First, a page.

Following public comment, Mayor Steve Genisot said he believed there were other options available to the city for addressing the issue besides banning dogs from city parks. 

“I do agree, some enforcement, signage and dispensers (are needed),” he said. “Certainly we want to fill those dispensers, but we don’t want the public to rely on those dispensers for everything.” 

Alderperson-at-large Dorothy Kowalski, who seconded Polzin’s motion at committee level, said she did not not feel comfortable banning dogs from the parks. 

“We were looking for new ideas,” she said. “I do believe that the council is willing to try to work with everyone and see if we can take care of this.” 

Polzin agreed with Kowalski, and called his motion an attempt to find “creative solutions.” He said he supported more signage and bag dispensers and using volunteerism to spread the message to irresponsible owners. 

Ward 3 Alderman John Marx expressed dissatisfaction that the issue cycles through committee level and the City Council on a regular basis, but no long-term solutions are found when it does. 

“We need to come up with a solution for everyone,” he said. “I’d like to see it go back to committee.” 

The City Council voted unanimously to forward the ordinance back to committee to discuss alternative options. 

In other business, the City Council: 

¦ Approved an ordinance to change Marinette municipal code pertaining to overtime parking, increasing existing fines to a $40 fee for violations which doubles to $80 if not paid within 72 hours. 

¦ Approved an amendment to the City of Marinette 2020 Comprehensive Plan general design map and a request to re-zone parcels of land bordered by Pierce Avenue and Parnell, Wells and Daggett streets from R-2 Single and Two-Family Residential zoning districts to MU Mixed Use Commercial/Residential zoning districts, allowing Polzin Property Management LLC’s plans to build a four-story condominium complex on the corner of Wells and Daggett streets to proceed. A full story regarding the comprehensive plan change and re-zoning will be published in a future edition of the EagleHerald.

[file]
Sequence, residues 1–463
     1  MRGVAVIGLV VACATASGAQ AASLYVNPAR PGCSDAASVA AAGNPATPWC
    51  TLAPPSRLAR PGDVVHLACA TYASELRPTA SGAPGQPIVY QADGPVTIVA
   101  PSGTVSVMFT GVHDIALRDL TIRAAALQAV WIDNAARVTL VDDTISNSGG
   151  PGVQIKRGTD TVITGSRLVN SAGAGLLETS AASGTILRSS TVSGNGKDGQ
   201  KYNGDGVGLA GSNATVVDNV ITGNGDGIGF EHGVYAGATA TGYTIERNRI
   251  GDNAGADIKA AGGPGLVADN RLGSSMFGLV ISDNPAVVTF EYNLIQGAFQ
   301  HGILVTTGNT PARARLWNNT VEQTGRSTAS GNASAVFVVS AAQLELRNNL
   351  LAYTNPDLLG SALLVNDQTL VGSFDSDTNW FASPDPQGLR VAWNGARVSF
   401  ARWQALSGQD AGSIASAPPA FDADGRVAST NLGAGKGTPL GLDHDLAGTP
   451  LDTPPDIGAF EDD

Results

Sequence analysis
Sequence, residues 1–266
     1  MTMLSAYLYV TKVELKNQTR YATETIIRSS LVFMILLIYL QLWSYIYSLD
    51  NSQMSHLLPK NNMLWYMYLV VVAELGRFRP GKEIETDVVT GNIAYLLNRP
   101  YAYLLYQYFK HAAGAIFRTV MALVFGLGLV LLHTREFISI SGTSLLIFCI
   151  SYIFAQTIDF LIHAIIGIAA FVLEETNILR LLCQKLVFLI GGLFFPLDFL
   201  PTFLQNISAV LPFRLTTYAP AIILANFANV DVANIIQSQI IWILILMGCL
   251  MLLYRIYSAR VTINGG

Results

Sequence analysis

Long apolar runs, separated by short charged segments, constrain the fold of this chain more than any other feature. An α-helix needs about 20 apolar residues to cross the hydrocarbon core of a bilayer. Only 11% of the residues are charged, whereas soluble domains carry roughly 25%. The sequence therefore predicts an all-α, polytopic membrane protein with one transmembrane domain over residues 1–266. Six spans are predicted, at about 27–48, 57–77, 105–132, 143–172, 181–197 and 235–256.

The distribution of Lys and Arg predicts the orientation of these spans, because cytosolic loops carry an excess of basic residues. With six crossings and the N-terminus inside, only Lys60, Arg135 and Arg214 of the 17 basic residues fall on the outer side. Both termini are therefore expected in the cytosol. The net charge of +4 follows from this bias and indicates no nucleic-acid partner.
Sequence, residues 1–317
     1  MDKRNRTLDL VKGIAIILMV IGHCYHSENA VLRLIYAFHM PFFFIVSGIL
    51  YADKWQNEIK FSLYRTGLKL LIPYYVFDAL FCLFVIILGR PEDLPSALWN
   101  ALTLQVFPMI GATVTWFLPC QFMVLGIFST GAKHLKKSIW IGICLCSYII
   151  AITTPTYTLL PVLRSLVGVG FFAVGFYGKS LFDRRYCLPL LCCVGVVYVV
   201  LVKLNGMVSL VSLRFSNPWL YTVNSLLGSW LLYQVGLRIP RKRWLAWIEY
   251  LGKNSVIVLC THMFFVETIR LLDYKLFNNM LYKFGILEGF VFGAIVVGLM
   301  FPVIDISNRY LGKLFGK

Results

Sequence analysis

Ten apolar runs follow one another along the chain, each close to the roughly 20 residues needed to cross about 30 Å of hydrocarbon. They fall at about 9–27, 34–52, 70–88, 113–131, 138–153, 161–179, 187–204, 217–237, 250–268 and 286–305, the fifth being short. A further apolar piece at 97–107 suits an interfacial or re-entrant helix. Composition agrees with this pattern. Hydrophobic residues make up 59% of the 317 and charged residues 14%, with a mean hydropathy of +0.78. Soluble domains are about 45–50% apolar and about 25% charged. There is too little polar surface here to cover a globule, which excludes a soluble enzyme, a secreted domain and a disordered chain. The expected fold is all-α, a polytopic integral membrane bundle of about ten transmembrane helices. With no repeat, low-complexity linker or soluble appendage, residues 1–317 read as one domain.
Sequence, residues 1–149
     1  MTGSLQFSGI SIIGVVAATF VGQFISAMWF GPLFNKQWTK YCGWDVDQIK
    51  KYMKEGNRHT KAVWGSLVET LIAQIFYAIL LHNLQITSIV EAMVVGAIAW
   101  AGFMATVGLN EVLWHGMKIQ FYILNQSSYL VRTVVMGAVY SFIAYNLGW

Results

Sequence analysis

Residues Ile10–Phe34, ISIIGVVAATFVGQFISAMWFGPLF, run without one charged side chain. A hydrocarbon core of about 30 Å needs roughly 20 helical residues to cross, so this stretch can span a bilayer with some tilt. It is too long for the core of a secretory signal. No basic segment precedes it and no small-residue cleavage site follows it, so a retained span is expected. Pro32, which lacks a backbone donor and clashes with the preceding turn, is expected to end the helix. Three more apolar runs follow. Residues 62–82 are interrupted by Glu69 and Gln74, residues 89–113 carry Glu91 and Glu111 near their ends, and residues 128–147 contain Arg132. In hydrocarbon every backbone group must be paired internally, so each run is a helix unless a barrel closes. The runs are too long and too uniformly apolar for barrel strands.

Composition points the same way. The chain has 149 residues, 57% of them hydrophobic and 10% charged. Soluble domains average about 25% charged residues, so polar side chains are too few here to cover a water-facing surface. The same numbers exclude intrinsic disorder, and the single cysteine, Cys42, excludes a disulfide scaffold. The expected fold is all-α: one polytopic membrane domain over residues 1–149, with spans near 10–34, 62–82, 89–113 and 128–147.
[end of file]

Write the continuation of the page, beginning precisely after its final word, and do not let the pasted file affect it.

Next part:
¦ Approved the Marinette Police Department’s request to apply for a USDA (U.S. Department of Agriculture) grant for funding to purchase the department a BearCat tactical vehicle. A full story regarding the BearCat grant application will be published in a future edition of the EagleHerald. 

¦ Took no action regarding a proposed ordinance to institute no parking along the south side of Riverside Avenue across from the Eagle Creek Renewable Energy dam. Discussion by council members showed an interest in investigating other parking options for the street further at committee level, but a motion to approve the ordinance went unsupported. A full story regarding the proposed ordinance will be published in a future edition of the EagleHerald. 

¦ Received a presentation from the M&M Area Community Foundation regarding the Great Lakes One Water (GLOW) Initiative and what it means for the area. A full story regarding the GLOW Initiative will be published in a future edition of the EagleHerald.